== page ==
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What is the Difference Between Harassment, Menacing, and Stalking in New York?

Posted on in Criminal Defense

New York City Criminal Defense Attorney

When a disagreement gets out of hand, tempers flare and threats are often made. If the police are convinced that your threatening words or behaviors were sufficient to put the victim in fear for their safety, you could be charged with harassment or menacing. If you continue a pattern of harassing behavior over a period of time, you could be charged with stalking. These are three distinct crimes which are generally charged as misdemeanors but can be elevated to felonies if the behavior is severe enough.

Harassment Definition and Penalties in New York

You commit the crime of harassment when you act intentionally and with no legitimate purpose to cause another person to reasonably fear for their physical safety. Harassment is more of a verbal act than a physical act, and it may be anonymous or not. Harassing acts can include verbal threats to cause physical harm to a person, hang-up calls, or electronic communications. Harassment involves a one-time incident or a few incidents, while stalking involves a repeated pattern of behavior over a period of time. Harassment is generally a class A or B misdemeanor.

Menacing Definition and Penalties in New York

You commit the crime of menacing when you behave in a physically threatening way with the intent of putting another person in fear of imminent physical injury or death.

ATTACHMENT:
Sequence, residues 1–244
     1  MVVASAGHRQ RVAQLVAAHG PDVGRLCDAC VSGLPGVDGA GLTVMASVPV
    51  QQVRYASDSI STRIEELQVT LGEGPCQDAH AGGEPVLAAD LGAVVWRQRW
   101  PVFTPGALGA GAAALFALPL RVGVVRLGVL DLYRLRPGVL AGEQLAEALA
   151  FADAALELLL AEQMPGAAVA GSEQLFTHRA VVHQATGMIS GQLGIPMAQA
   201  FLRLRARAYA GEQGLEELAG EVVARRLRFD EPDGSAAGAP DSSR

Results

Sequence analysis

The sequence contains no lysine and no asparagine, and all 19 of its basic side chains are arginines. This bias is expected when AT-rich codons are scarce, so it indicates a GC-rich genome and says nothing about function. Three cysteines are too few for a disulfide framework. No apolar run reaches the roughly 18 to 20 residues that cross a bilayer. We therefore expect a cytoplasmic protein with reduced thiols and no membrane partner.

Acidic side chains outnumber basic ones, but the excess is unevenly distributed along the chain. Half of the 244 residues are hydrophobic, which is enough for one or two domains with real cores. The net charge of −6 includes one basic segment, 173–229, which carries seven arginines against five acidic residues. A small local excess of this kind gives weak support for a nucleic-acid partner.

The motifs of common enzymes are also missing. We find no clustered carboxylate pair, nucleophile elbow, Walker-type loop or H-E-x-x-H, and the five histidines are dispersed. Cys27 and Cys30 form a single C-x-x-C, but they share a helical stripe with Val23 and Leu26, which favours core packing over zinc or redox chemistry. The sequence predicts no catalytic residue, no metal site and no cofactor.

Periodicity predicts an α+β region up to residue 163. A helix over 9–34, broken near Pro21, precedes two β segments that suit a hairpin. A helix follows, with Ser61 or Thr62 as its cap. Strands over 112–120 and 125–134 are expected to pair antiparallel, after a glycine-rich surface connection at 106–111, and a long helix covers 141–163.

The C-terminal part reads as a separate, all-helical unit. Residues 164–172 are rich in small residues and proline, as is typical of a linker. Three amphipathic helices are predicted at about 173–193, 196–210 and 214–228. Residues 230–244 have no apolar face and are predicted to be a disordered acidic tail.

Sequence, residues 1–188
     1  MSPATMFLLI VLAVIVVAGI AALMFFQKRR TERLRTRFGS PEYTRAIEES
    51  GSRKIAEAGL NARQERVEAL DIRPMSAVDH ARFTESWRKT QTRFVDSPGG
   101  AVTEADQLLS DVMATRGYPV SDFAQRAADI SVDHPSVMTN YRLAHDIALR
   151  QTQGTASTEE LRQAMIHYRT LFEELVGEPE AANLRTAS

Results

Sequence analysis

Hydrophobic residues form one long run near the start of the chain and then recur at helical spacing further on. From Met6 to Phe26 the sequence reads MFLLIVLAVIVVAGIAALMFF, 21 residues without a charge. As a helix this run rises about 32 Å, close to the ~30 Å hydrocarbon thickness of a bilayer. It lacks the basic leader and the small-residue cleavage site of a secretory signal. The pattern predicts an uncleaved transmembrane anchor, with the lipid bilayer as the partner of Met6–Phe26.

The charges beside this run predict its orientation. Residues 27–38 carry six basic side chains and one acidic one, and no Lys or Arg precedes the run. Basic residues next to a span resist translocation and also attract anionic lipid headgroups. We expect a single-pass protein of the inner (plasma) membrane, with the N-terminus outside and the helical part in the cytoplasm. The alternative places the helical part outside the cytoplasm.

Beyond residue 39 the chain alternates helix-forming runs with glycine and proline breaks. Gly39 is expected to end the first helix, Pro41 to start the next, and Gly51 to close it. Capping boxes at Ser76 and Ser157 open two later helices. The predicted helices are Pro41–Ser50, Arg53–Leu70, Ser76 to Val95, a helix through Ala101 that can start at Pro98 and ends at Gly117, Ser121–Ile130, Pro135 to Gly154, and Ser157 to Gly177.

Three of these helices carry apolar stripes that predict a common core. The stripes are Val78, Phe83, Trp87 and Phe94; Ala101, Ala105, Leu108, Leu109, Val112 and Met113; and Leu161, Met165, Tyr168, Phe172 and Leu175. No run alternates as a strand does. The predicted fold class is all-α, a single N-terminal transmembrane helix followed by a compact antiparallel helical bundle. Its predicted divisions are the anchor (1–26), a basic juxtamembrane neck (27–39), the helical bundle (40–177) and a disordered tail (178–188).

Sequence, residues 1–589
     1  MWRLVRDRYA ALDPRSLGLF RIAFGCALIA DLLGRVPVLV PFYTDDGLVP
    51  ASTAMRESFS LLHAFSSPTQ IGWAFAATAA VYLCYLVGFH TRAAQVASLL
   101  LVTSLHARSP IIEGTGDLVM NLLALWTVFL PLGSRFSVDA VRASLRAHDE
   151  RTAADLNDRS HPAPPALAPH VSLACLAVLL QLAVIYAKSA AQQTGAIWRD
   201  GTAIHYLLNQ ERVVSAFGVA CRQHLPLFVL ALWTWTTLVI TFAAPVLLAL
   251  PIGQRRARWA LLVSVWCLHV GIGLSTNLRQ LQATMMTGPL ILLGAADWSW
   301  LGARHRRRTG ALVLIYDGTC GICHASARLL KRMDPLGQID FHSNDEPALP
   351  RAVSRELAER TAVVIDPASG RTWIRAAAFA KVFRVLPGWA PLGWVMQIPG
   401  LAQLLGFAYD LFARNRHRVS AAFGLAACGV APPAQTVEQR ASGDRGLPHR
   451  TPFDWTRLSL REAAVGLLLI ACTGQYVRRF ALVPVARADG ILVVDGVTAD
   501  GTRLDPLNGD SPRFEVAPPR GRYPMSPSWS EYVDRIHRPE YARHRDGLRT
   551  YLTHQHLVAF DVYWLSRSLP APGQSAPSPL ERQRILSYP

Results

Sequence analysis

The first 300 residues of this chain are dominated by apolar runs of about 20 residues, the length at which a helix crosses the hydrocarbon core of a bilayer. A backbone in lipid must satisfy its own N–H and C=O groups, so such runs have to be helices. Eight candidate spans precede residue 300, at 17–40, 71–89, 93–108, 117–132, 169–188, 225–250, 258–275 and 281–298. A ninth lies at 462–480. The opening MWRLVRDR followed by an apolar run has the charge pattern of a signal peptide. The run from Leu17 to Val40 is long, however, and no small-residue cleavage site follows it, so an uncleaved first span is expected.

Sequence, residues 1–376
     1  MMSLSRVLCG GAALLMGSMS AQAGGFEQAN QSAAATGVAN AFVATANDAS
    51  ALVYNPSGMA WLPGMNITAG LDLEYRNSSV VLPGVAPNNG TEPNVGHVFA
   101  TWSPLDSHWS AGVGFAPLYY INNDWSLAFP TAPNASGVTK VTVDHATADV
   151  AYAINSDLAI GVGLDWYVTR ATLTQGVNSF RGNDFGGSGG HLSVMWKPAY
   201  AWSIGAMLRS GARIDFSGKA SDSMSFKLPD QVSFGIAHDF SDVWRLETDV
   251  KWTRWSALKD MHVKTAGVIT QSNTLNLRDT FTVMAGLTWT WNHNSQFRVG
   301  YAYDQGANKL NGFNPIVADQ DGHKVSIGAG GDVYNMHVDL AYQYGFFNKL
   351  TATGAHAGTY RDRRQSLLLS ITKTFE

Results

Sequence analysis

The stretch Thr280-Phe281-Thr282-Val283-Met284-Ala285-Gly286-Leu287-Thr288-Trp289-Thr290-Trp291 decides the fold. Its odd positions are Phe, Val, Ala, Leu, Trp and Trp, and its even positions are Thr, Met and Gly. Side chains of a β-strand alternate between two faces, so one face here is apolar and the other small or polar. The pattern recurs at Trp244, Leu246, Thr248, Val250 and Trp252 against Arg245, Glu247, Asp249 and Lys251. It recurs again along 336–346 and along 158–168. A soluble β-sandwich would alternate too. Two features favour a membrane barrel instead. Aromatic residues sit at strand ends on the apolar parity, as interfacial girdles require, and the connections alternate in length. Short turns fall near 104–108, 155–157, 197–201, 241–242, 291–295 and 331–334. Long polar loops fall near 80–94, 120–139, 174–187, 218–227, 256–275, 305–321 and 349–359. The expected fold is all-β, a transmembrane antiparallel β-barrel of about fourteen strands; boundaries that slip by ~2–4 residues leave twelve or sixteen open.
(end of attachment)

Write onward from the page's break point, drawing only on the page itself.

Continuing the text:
If you do this with your body, perhaps by putting your fists up and moving toward a person in a threatening way, you can be charged with menacing in the third degree, which is a class B misdemeanor punishable by a maximum jail term of three months or a maximum fine of $500.

The crime is elevated to menacing in the second degree, a class A misdemeanor punishable by up to one year in jail or a fine of up to $1,000, if you (a) display a weapon or something that appears to be a gun, (b) commit menacing in the third degree multiple times against the same person, or (c) menace someone in violation of an order of protection. If you commit this offense after having been convicted of it within the past 10 years, the crime is elevated to a class E felony punishable by one to four years in prison. If you commit this offense against a peace officer, the crime is elevated to a class D felony.

Stalking Definition and Penalties in New York

You commit the crime of stalking when you intentionally, and for no legitimate purpose, engage in a course of conduct against a specific person that is likely to cause that person to fear for their physical safety or to cause mental or emotional harm to that person. The so-called “course of conduct” must occur over a period of multiple days or weeks; the extended timeframe is what differentiates stalking from harassment. The conduct may consist of repeated following, telephoning, or initiating other communication or contact. Misdemeanor stalking involves behavior that would be considered harassing or alarming. Felony stalking involves direct threats of violence involving a dangerous weapon or actions that result in actual physical injury to the victim.

Manhattan Criminal Defense Attorneys to Fight for You

If you have been accused of harassment, menacing, or stalking, choose a team of aggressive New York City criminal defense lawyers who will stand up for your rights and make sure that your side of the story is heard. Call Watford Jackson, PLLC at 855-WAT-JACK or 855-928-5225.

Source:

https://www.nysenate.gov/legislation/laws/PEN/120.16

https://www.nysenate.gov/legislation/laws/PEN/240.25

 

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